Made me also think of my Father-in-Law who flew Hueys in Vietnam. I suddenly realised as I read that I had never passed on the respect I felt for the extremely large thing he did when he went over there. Wrote him a quick email which went like this:

"Just watched some very moving footage from another vietnam vet and fellow pilot DT (about a buddy of his that died a few years ago). Sometimes it's easy to forget what ANZAC day (Or Remembrance Day) is all about: the people who were friends, team-mates, dads, sons, brothers who fought, bled or died for something bigger than themselves. As I watched I realised that despite our many conversations involving  your 'grumpy old man' cynicism and my 'save the world' realistic optimism I had never acknowledged the very real and very large thing you did by going to Vietnam. 

So here goes, If you are marching today, you have from me an earnest and sincere salute. I count it an honour to still be able to chat with a living legend and I also count it an honour to have you as family and although we don't always see eye to eye I thank God for you.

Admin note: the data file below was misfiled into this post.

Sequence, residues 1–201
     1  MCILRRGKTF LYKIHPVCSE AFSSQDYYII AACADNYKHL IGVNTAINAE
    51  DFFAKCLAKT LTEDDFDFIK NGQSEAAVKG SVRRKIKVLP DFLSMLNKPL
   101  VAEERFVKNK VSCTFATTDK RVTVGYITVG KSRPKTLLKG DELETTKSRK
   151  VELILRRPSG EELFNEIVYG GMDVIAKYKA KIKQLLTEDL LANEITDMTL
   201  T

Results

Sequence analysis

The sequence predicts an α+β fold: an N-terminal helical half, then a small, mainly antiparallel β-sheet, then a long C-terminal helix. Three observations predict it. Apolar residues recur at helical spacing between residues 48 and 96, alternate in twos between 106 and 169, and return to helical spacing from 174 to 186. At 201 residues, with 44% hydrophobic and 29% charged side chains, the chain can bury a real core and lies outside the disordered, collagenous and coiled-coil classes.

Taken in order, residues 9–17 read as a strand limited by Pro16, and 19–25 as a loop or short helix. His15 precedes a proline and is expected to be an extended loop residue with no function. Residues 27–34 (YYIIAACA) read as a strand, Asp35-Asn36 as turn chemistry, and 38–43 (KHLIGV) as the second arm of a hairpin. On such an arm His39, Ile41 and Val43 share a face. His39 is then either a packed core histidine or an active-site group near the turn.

All the best mate as you mingle with other old warriors…"

I guess I was surprised that I had never recognised this before and surprised at my own emotional reaction. I've never endured the intensity of combat that these guys have although I have been on not a few overseas deployments and had not a few memorable ANZAC days overseas... and yet here I was getting all man-teary over the shared vid-links. 

Then I was surprised by this apparently incongruous thought: I would not like it if there was an ANZAC Bunny.